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Winter: Wild or Mild Depends on Where and When

November 4, 1996

WASHINGTON (AP) _ With snow already swirling in the Midwest and the Mountain states, Americans are facing winter’s rapid approach and wondering if the woodpile is high enough, the insulation thick enough, the boots and mittens warm enough.

And they’re planning ahead.

``We’re doing a big business in snow shovels, roof rakes and snow blowers,″ Katrina Blauvelt of the Home Depot chain of hardware stores reported.

``I don’t think anyone wants to be caught unprepared,″ she said, noting that sales of snow-related items began in some Northeastern stores as early as July and August.

The same trend of preparing for the cold is evident at L.L. Bean, the Freeport, Maine, catalog company. Warm outerwear is selling vigorously.

``Customers are looking for an assortment for activities ranging from mountaineering to ice skating to just walking to the end of the driveway,″ said spokeswoman Linh Calhoun.

So much for fear of global warming.

Winter lovers who ski and skate, winter haters who cower before the fireplace and folks in between seem to enjoy hearing forecasts for the season, which on the calendar lasts from Dec. 21 to March 21.

So, too, do those who really need to know _ natural gas, heating oil and electricity managers planning for heating needs, traffic engineers stockpiling sand and salt, airline flight dispatchers, snowblower repairmen.

Here’s the National Weather Service’s long-range outlook for December through February _ to meteorologists, officially winter:

Colder-than-normal temperatures are expected in the upper Midwest, particularly the Dakotas but also Minnesota, Wisconsin, Iowa and parts of Nebraska and Montana. Below-normal readings also are predicted in New England and perhaps New York, New Jersey, Pennsylvania, Maryland, Delaware, Virginia and West Virginia.

But the forecasters expect a milder-than-usual winter in New Mexico, the western two-thirds of Texas, western Kentucky, Tennessee, Mississippi, Alabama, Georgia and Florida.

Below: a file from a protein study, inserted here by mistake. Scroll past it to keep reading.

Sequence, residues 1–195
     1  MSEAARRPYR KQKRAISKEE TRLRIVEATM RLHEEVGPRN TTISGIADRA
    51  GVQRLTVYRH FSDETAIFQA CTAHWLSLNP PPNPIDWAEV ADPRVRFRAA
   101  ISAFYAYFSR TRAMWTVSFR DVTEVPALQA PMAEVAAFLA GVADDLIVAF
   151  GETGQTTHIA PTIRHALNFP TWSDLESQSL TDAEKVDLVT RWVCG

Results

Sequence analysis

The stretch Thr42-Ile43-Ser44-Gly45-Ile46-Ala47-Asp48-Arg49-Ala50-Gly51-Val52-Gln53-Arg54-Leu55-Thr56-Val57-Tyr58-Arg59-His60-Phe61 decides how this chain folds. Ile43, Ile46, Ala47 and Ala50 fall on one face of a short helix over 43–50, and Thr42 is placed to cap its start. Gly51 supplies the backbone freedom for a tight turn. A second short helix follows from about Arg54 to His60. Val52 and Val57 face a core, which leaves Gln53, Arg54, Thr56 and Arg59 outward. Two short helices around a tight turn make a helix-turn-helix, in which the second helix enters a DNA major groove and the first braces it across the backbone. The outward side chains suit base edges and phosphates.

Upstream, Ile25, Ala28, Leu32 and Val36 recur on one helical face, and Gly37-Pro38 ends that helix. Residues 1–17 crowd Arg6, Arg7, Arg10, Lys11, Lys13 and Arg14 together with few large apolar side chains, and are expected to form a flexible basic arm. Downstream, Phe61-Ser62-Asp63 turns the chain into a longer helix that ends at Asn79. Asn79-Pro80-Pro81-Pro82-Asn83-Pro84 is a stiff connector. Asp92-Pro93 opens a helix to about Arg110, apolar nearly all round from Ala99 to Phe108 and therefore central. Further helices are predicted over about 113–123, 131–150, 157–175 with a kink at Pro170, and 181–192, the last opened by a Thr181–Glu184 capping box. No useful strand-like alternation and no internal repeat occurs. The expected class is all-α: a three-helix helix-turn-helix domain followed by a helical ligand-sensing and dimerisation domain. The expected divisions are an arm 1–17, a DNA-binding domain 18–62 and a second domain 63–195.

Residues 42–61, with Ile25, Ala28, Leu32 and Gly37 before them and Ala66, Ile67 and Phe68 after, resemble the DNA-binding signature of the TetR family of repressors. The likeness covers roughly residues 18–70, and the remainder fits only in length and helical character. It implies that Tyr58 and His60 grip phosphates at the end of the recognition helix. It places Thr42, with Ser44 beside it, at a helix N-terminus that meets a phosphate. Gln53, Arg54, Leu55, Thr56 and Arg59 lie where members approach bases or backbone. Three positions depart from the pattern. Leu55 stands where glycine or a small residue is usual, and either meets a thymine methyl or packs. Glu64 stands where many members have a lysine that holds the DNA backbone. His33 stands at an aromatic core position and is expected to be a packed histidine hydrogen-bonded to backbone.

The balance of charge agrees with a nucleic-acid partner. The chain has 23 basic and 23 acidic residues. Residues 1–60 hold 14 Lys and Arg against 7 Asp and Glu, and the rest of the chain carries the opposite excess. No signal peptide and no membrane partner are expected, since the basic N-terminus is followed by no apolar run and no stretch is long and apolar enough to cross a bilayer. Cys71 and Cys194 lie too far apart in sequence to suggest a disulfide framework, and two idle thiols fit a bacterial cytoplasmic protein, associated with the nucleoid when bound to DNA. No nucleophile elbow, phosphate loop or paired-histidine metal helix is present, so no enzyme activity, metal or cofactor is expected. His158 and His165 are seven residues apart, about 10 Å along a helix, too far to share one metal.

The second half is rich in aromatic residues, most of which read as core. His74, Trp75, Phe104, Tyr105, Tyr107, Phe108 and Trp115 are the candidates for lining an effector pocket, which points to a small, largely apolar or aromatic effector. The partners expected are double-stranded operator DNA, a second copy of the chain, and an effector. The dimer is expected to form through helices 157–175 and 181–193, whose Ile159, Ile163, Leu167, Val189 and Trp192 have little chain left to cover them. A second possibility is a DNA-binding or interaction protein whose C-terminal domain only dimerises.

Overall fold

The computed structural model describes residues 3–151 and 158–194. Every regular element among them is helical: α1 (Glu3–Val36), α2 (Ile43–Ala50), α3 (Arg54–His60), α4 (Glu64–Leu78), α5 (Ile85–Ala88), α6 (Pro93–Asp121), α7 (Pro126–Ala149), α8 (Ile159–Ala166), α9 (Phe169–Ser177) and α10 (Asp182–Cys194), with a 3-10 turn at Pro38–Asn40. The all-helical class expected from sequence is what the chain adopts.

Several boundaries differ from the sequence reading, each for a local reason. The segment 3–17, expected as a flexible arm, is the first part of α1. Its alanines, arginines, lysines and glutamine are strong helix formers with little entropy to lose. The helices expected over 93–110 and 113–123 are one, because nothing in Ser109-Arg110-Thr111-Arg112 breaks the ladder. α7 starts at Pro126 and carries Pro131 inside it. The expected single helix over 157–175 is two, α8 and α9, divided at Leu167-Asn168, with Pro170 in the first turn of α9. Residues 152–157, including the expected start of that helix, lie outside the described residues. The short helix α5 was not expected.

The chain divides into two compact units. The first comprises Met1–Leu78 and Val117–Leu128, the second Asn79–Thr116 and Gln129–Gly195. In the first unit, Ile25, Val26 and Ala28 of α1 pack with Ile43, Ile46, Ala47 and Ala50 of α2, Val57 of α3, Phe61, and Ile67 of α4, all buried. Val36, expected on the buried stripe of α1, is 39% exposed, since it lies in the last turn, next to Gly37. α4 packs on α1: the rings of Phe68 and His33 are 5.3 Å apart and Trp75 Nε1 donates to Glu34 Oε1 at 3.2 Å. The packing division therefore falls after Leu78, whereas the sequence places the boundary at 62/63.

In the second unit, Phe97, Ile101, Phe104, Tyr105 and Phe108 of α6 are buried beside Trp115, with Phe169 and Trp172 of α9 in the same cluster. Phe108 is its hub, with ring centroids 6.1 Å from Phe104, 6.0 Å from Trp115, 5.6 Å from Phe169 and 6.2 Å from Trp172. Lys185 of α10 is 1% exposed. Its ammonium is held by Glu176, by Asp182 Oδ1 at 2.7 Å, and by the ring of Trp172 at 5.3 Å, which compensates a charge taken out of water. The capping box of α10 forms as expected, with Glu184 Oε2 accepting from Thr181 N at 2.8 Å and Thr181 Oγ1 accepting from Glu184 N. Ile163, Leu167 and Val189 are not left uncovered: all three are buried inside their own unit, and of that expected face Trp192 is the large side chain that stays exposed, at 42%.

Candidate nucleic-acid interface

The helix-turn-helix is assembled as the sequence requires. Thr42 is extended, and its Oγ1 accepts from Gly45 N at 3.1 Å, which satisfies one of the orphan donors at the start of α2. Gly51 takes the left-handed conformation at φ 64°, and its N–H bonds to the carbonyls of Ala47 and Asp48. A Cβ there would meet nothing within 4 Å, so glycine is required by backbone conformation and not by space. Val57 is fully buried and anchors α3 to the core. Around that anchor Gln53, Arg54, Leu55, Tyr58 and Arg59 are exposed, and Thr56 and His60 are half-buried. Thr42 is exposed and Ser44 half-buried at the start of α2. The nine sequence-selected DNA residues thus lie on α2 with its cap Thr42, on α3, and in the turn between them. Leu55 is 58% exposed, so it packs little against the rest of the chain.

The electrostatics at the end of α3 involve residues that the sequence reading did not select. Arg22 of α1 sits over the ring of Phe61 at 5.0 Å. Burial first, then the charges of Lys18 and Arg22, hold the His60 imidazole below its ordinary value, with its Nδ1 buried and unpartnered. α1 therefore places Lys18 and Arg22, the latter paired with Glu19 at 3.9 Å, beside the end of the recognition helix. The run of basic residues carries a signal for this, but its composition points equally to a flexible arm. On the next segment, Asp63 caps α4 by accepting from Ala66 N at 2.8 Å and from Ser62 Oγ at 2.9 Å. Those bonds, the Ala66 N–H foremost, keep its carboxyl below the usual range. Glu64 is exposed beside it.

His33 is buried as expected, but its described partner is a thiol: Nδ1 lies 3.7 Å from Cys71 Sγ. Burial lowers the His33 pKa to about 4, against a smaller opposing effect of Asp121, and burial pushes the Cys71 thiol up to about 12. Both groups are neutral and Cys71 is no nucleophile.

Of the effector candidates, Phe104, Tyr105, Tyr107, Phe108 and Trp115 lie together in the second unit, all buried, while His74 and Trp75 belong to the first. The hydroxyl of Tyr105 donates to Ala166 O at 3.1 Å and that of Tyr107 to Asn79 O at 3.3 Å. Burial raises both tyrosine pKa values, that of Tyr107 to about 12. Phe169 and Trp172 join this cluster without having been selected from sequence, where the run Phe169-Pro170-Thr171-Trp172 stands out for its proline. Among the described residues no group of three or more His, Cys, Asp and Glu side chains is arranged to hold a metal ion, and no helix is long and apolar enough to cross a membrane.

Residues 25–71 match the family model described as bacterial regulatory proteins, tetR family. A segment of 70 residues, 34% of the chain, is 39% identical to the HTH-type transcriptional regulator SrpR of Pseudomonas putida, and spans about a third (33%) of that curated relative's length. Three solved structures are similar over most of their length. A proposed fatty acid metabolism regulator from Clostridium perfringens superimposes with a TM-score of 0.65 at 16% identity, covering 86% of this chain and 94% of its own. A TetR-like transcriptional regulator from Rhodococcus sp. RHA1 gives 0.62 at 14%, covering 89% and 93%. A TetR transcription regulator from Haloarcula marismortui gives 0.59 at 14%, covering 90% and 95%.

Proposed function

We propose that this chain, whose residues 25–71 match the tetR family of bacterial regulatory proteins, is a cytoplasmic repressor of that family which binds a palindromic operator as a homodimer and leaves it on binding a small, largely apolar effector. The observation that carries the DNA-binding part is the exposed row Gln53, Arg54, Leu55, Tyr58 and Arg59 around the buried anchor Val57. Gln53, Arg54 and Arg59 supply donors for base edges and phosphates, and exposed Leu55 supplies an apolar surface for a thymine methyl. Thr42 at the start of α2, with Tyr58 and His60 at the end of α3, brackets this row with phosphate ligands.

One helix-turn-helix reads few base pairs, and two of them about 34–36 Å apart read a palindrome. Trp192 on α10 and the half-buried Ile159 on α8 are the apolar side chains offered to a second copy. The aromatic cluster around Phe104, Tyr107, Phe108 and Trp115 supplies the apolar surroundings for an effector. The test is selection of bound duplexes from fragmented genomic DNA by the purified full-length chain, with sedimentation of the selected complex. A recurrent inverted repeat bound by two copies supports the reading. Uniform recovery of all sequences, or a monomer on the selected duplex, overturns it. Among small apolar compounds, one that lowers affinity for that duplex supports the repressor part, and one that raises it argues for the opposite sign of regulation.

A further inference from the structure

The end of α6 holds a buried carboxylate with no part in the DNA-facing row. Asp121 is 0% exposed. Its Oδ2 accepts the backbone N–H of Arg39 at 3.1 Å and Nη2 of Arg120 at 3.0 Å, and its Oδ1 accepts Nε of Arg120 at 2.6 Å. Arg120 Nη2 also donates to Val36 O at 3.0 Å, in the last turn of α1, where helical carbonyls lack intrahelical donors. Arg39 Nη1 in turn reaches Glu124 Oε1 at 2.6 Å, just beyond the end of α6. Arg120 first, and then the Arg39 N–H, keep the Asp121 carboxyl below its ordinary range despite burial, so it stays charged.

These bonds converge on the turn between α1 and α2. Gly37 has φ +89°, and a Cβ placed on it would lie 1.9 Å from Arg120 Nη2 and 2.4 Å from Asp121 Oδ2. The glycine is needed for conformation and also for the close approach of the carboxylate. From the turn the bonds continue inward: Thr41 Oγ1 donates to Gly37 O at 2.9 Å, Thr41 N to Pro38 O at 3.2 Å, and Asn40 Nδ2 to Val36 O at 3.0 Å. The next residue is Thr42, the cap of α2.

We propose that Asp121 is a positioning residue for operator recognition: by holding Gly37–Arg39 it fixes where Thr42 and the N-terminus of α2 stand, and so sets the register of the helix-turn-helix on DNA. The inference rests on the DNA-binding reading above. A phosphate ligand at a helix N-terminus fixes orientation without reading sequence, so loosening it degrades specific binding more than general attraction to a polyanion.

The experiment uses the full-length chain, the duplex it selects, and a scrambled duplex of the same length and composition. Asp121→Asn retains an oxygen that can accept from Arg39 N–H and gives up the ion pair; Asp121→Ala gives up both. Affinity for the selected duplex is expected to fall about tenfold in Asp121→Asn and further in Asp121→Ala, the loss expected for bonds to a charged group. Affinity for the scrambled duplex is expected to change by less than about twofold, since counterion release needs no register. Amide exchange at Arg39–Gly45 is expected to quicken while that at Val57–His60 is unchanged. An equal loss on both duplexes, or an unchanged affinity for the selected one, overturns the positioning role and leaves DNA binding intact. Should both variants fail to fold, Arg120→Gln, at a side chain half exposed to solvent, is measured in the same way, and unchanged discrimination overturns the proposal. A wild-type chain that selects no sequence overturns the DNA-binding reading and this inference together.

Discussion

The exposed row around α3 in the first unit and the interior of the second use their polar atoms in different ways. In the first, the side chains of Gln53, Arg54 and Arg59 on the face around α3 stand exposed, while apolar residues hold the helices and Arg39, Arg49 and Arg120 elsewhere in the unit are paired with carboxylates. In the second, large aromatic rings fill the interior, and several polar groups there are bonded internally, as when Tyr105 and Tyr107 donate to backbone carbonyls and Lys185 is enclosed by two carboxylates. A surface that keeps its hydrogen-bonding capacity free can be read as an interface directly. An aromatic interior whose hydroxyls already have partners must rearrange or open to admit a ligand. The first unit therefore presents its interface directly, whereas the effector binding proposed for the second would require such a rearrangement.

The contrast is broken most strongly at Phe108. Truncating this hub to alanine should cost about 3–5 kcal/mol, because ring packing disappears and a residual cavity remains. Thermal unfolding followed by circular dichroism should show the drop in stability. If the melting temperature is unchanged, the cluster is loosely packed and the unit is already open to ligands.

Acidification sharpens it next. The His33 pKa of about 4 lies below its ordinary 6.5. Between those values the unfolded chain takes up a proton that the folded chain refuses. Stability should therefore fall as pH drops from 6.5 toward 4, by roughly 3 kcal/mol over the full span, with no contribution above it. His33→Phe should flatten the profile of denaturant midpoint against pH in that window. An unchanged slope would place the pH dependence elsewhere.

West Texas, southeast New Mexico and a region extending through central Oklahoma, Kansas, Missouri and Iowa are expected to be wet this winter. Dryer than normal is the outlook for Florida, Montana, Idaho and northern Nevada.

That forecast sets the scene for a showdown between the federal forecasters and the Farmers’ Almanac of Lewiston, Maine, which predicts: ``It looks like virtually the entire country will be subjected to stormy and unseasonably cold conditions for the upcoming winter, even in the so-called Sun Belt areas.″

Farmers’ Almanac forecaster Caleb Weatherbee is well-known among prognosticators, but he’s not the only one.

``Another stormy, cold season,″ is the forecast from Harris’ Farmer’s Almanac, published in New York. The Hagerstown Town and Country Almanack of Hagerstown, Md., opines that this winter ``will be shorter, colder but less snowy than last winter.″

``Many of my scientist friends make fun of this,″ said William O’Toole, a mathematics professor at Mount St. Mary’s College in Emmitsburg, Md., the Hagerstown almanac’s forecaster. He uses a system based on German folk wisdom, the influences of sunspots and changes in ocean temperature and winds, among other factors.

Once upon a time, the trained weather eye of experienced farmers led to local forecasts, and some folks still prefer their own predictions based on folklore and signs learned from grandma: studying acorns and onionskins and woolly-bear caterpillars.

A traditional rhyme advises:

``Onion skins, very thin,

``Mild winter coming in.

``Onion skins very tough,

``Winter’s coming cold and rough.″

Many people predict a hard winter by the volume of acorns produced. More nuts, more snow.

And woolly-bear caterpillars are popular portents of coming months. The creature’s middle brown stripe is the tipoff: The wider the brown band, the milder the winter, says Eric Sloane’s ``Folklore of American Weather.″

German folklore says it’s better in February to see a wolf at the door than a farm worker in shirtsleeves. The English say: ``Year of snow, year of plenty.″

Those sayings reflect knowledge that snow stores water to nourish spring crops. A layer of snow on the ground also forms a blanket to shield developing crops from the worst of winter’s cold. A warm spell in winter, on the other hand, can cause plants to bud early and be killed by the next icy blast.

A cheery note is that spring and summer last slightly longer in the Northern Hemisphere than fall and winter.

Because the Earth’s orbit is an ellipse rather than a circle and the planet’s axis is slightly tilted, the Northern Hemisphere gets six or seven more days of spring and summer than places south of the equator.

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